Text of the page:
When the Montessori school opened in the early ‘80s, its founders had big dreams.
They envisioned an oasis of learning where students weren’t just trained to pass standardized tests but molded into lifelong learners, where the school could invest in the intellectual, emotional, social, physical, ethical, and spiritual development of each and every child.
Renting a small house to serve as its first classroom, the nonprofit opened its doors with four young students. As word of the forward-thinking school spread, parents rushed to enroll their children. By the end of that first academic year, the class size had quadrupled and it quickly became apparent the school was filling a community need.
Within three years the school built a small campus and was serving two full pre-primary classes and a fledgling elementary class. Demand grew steadily and the school continued to add grades. After several years, they leased a new campus they could grow into room by room. A library. A science center. Art and music classrooms. An entire junior high program, followed quickly by a high school program. The new campus was truly becoming their own.
When the possibility arose to purchase these buildings, Montessori leadership knew they couldn’t pass up an opportunity to create a permanent home for their school. Owning the buildings would provide stability, ensuring they could keep their small class sizes as they grew—a critical element for the child-centered educational experience they valued.
However, they quickly realized this purchase wouldn’t be easy. Since the Montessori school is an independent, nonprofit, tax-exempt organization, public funding was not available. To ensure the school’s future, they resorted to short-term financing to secure the purchase of the buildings.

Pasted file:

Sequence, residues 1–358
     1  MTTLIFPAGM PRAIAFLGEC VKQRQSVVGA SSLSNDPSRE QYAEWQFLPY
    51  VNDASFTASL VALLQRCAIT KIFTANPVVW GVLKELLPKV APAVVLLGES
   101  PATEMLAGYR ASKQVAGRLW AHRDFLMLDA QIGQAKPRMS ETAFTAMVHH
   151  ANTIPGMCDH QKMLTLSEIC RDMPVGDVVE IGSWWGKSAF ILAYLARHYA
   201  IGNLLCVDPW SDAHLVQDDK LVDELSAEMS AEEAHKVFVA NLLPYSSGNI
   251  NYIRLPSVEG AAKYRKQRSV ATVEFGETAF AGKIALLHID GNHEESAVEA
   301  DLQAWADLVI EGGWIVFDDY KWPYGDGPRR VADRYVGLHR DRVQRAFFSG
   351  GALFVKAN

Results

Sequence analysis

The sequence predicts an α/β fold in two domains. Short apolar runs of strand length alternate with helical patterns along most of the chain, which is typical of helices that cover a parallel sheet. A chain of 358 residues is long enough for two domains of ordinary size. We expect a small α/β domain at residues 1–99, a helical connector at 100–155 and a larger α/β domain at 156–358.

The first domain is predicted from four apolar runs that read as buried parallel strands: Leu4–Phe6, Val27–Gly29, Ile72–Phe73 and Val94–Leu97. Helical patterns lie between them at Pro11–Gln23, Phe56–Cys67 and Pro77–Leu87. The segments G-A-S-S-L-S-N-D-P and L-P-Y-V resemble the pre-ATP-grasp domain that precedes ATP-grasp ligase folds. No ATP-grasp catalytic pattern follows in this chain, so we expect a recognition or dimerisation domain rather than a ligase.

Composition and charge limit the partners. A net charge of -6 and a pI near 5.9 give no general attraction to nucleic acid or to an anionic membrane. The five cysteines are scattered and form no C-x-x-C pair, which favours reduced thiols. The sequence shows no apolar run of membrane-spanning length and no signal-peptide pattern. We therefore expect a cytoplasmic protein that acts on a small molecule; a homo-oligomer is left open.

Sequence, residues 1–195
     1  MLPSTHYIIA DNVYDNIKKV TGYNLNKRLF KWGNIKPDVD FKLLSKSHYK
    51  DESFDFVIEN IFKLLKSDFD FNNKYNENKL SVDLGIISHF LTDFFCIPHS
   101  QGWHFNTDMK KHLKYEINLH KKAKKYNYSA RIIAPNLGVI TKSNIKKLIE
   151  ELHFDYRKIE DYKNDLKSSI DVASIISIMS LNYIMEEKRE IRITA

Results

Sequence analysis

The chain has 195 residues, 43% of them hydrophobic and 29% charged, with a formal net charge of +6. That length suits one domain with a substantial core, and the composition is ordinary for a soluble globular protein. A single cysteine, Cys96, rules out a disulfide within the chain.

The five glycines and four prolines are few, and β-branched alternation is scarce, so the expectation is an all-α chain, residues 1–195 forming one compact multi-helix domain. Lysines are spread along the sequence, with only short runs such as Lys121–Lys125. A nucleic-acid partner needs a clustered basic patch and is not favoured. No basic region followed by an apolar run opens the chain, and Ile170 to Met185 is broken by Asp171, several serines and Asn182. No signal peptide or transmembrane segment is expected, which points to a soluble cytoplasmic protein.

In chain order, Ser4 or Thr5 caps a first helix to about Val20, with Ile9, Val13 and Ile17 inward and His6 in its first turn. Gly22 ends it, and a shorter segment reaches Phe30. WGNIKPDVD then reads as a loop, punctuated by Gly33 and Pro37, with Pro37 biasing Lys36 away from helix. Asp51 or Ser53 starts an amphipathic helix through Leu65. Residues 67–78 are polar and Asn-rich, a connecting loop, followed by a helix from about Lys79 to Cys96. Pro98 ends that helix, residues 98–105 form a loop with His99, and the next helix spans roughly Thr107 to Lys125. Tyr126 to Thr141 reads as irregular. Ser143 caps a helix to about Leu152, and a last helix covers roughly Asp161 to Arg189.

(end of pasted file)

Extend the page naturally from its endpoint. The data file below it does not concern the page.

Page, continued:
Though the short-term loan allowed them to make the purchase, the accompanying high interest rates quickly became unaffordable. The leadership team began seeking refinancing options that would ease the financial strain on the school, but quickly found most of the available alternatives were similarly expensive.
The school reached out to the leadership of Semble and we collaborated to create a plan that would allow them to significantly lower their interest rate and payments.
First, to meet the funding goal of $8 million, we worked together to activate the school’s existing community. Through parents, alumni, community members, and supporters, more than $2,700,000 was funded through a social impact loan.
Consequently, this meant the school was able to access a bank loan to fill the funding gap and complete their goal, successfully refinancing the short-term loan. No longer was the school being drained by high interest rates and payments. The new financing package lowered interest costs by more than 50%, saving the school a significant amount each month which they could now use to directly benefit students.
Though the financial savings were significant, the school also saw social benefits. By offering their supporters a socially responsible investment opportunity, they deepened the commitment of the community. Supporters knew their money was going toward a cause they believed in and that it would bring them a financial return. They felt good about being a part of the movement that helped their school.
The school continues to grow to this day and is on track to graduate its first complete high school class in 2017.